To demonstrate this, we consider the φ-component of the curl for the potential field of JBDC and the poloidal component of the DHJ field, respectively (we discard the toroidal part, which we discuss separately below). Equations (2) and (3) of JBDC read (5) (6)

Adding the radial part and omitting a regularisation factor, Eqs. (2)–(3) and (5)–(6) of DHJ give (7) (8)

Whereas the JBDC formulation straightforwardly leads to zero current density, the DHJ field will in general not be force free; only for the very specific case of βl,m = − αl,m do we encounter a potential field and zero current density. Clearly, Eqs. (1)–(3) of Kochukhov et al. (2014) have to be seen in the same light as the DHJ field. In that paper it is stated that the coefficients αl,m, βl,m, and γl,m are free parameters of the harmonic expansion, corresponding to contributions from radial poloidal, horizontal poloidal, and horizontal toroidal magnetic field components, respectively. Even if no toroidal field is assumed in the spherical harmonics expansion, one expects effectively zero likelihood that a ZDM inversion will yield βl,m = − αl,m for all combinations of l and m. As we show in the following section, this expectation is borne out by the published maps of strong-field CP stars.

At this point, it is appropriate to add a very short discussion of the toroidal fields adopted by DHJ. These fields are non-potential and imply electric currents (Winch et al. 2005). How could such fields and currents remain stable for years, possibly for decades? There is very little to be found in the literature concerning large-scale stellar toroidal fields. However, following the arguments of Mestel & Moss (1983), we presume that in the tepid, low-conductivity outer layers of CP stars, observable toroidal fields will decay and disappear over relatively short timescales. Therefore we surmise that the inclusion of a toroidal part in the ZDM procedure for CP stars is not legitimate; adverse effects on the inversion may be expected if done so.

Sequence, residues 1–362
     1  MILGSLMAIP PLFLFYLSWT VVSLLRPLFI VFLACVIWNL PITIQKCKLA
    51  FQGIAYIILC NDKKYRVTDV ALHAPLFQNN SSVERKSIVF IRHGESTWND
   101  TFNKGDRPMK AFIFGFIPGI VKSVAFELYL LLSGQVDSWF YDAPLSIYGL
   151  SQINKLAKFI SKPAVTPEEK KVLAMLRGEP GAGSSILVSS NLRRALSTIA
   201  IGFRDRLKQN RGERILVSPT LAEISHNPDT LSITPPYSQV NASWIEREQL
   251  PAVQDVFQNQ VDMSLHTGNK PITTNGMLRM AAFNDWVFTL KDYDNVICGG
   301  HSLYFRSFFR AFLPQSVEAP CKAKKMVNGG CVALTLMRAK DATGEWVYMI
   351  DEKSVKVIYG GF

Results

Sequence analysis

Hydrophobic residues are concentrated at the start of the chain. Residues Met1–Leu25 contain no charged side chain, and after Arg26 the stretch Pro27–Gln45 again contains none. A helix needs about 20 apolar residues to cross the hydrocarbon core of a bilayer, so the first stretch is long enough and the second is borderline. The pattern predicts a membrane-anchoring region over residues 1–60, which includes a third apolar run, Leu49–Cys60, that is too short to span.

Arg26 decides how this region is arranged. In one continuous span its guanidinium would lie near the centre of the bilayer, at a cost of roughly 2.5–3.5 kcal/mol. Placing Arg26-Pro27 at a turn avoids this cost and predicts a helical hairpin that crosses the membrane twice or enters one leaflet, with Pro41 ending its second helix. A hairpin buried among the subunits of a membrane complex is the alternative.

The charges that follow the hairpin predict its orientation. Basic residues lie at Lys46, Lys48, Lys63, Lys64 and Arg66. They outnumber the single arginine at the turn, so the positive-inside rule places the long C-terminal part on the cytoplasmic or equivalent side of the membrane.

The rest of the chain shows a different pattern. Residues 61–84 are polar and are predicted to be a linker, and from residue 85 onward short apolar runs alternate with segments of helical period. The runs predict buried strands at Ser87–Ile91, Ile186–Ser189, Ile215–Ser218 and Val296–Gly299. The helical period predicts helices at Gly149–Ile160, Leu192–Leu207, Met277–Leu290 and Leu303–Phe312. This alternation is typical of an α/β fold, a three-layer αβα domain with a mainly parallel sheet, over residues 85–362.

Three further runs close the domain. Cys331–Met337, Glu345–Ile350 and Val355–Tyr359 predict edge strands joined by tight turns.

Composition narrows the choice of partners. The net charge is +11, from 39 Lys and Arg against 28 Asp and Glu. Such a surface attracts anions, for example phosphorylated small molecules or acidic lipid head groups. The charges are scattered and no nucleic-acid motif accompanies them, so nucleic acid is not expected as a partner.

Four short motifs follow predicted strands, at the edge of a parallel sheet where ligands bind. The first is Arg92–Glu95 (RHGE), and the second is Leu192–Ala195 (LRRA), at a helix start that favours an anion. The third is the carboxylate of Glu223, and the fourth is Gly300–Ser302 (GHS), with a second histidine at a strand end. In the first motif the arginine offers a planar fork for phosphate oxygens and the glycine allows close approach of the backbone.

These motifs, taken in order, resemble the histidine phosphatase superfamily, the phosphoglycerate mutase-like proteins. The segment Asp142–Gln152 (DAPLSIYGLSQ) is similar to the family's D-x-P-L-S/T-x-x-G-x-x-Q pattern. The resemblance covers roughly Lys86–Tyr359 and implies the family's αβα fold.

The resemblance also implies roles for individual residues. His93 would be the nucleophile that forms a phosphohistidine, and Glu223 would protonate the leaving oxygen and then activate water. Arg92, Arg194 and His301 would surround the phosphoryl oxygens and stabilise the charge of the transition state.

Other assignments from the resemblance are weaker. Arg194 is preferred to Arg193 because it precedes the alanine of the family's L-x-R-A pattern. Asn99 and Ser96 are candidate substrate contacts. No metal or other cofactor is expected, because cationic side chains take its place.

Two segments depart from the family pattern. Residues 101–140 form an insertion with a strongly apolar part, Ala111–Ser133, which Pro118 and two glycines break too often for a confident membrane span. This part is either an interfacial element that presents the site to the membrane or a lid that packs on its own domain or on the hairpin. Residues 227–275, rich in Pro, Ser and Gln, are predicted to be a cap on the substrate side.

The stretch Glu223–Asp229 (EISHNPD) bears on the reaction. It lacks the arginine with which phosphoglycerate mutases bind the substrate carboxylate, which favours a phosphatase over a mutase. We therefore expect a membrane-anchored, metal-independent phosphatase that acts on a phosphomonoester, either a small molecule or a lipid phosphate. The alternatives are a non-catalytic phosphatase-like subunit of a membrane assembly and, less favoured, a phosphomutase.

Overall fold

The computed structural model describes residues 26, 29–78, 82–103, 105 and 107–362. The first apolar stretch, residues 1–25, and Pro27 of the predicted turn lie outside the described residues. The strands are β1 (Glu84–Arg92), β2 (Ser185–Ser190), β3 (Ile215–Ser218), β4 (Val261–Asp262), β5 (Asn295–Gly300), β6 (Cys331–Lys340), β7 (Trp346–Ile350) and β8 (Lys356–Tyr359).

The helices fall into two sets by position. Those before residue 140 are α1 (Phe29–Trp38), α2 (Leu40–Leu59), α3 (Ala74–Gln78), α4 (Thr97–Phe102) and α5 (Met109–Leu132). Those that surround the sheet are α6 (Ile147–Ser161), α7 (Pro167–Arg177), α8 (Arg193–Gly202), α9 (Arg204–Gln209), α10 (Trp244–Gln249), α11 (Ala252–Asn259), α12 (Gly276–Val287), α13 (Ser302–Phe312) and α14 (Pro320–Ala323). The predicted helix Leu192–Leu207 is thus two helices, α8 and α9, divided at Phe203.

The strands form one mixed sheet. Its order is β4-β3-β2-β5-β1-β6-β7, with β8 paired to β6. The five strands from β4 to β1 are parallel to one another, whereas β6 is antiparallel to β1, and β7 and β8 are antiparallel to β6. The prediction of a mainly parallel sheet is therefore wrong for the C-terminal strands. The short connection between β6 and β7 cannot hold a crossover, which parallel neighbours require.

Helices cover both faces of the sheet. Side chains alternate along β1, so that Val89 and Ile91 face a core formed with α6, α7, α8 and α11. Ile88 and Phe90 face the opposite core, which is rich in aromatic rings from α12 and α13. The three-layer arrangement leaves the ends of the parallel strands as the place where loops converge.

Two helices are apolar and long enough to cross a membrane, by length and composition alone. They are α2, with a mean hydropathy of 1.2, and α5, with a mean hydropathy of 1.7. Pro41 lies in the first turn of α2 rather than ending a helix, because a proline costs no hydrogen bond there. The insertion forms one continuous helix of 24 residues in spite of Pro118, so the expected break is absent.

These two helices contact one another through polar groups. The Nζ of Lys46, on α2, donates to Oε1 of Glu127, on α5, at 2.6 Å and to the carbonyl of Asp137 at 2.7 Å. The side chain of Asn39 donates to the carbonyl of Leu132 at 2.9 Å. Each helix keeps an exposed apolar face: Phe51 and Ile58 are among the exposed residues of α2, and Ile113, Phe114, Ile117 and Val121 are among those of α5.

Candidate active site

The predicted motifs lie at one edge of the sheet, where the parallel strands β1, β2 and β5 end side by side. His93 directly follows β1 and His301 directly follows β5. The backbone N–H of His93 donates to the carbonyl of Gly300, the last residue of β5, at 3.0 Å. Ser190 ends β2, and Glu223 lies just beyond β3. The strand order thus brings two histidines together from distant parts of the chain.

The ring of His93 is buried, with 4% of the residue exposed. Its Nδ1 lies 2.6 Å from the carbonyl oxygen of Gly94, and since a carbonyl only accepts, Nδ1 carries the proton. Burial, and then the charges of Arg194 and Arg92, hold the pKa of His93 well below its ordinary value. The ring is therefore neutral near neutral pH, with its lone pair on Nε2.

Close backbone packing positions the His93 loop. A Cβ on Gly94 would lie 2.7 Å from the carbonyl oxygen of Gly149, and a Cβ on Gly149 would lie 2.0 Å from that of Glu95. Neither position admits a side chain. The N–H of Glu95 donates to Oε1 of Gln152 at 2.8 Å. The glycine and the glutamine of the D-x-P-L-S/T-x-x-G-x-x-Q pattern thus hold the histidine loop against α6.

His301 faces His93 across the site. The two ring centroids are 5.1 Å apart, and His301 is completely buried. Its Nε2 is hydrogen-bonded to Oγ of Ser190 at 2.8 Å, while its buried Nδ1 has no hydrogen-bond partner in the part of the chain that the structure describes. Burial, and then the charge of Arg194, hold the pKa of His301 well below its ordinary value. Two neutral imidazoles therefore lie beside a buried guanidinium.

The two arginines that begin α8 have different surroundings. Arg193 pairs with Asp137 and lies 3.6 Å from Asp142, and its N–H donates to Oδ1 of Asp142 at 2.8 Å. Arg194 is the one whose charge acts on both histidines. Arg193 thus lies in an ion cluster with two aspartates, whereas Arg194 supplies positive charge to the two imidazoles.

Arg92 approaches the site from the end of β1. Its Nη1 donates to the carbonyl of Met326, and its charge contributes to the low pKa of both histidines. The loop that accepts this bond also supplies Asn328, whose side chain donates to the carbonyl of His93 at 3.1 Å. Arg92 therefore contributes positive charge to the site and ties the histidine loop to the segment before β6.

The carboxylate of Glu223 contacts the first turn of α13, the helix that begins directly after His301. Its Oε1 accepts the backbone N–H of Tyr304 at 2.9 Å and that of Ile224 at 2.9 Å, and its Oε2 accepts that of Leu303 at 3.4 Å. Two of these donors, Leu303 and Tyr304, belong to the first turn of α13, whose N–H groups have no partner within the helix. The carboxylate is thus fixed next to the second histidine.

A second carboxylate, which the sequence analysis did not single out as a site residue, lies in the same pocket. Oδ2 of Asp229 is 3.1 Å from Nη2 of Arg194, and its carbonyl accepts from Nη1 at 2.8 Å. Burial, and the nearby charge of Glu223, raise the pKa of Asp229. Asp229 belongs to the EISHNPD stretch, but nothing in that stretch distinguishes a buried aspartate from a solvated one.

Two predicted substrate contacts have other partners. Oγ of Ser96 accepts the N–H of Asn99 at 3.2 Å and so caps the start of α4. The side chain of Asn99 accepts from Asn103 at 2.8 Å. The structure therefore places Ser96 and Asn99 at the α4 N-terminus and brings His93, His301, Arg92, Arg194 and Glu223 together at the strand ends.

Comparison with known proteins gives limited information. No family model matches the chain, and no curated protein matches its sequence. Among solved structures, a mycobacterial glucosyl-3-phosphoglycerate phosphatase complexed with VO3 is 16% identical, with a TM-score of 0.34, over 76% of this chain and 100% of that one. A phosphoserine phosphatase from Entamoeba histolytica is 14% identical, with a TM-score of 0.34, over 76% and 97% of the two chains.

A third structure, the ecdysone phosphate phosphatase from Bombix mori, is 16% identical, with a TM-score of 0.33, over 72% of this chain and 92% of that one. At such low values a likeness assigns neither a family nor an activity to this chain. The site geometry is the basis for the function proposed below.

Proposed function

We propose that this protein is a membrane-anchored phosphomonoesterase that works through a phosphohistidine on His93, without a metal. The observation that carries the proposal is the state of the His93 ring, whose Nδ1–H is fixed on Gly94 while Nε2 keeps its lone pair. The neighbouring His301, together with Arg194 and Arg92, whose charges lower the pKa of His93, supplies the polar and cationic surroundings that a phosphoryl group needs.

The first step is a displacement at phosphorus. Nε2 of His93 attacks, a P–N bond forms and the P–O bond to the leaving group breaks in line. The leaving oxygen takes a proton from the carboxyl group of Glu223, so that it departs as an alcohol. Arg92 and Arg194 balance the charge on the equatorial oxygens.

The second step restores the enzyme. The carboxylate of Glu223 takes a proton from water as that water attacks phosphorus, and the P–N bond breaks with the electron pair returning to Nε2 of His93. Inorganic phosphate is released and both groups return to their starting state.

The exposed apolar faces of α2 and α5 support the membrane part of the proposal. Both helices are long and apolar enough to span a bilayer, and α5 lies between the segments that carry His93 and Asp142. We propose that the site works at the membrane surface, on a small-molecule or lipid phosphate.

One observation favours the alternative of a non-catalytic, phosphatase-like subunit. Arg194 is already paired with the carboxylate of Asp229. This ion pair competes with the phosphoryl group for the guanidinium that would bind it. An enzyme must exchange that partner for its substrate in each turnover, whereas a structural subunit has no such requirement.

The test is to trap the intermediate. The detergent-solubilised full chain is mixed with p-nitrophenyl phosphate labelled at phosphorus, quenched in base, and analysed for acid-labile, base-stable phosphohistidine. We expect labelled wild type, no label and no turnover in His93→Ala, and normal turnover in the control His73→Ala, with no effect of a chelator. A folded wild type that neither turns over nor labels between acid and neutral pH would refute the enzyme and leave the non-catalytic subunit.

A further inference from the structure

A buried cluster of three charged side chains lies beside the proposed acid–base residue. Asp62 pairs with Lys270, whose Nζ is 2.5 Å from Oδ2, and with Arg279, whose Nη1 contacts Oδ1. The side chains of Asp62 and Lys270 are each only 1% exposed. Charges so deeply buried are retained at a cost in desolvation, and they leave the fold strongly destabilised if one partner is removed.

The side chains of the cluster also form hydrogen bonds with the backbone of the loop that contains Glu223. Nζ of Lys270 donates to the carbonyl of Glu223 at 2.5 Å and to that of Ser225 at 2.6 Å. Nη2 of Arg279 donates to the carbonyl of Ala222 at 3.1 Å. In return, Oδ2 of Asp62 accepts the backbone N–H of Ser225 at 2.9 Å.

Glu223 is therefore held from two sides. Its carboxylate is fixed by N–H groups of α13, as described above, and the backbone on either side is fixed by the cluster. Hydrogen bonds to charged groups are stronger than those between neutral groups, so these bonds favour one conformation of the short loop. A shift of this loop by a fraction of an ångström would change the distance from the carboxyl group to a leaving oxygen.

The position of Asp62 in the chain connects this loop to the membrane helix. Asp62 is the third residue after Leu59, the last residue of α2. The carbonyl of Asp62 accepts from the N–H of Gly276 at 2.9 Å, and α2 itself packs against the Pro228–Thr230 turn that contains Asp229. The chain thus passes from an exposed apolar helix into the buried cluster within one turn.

Based on these considerations, it becomes clear that Eqs. (1)–(3) of Kochukhov et al. (2014), although possibly applicable to very weak stellar fields, are not suited for the modelling of stars like HD 32633 (Silvester et al. 2015), 53 Cam (Kochukhov et al. 2004), HD 75049 (Kochukhov et al. 2015), HD 119419 (Rusomarov et al. 2018), HD 125428 (Rusomarov et al. 2016), HD 133880 (Kochukhov et al. 2017), 49 Cam (Silvester et al. 2017), and α2 CVn (Silvester et al. 2014). All the published Zeeman Doppler maps of these CP stars with strong fields have thus been obtained with an incorrect set of formulae. It follows that these magnetic maps are spurious in their entirety, and so are the corresponding abundance maps, because Zeeman splitting, Zeeman intensification, and polarisation of the spectral lines are based on erroneous magnetic field values. The situation is not quite so clear-cut with stellar fields of more moderate strength, but as Spruit (priv. comm.) points out, these are probably also stable on very long timescales so that Ohmic diffusion has given the field in the atmosphere sufficient time to relax to its lowest energy state, that is, a potential field.

3 Published versus force-free maps

Geophysicists modelling the earth’s magnetism do not restrict the dissemination of their results to plots in journals and on web-pages, rather they provide extensive tables, Fortran codes with hundreds of lines of data, notebooks, and so on. This allows fellow scientists to take advantage of the existing wealth of models for further investigations; it also constitutes a useful check on the integrity of data and models. In ZDM, not even the coefficients of the spherical harmonics expansion of any of the many CP stars analysed have ever been made available, apart from those for 36 Lyn (Oksala et al. 2018). Over the years, there has been no way to obtain ZDM data in view of an independent assessment of the published maps and of further analyses.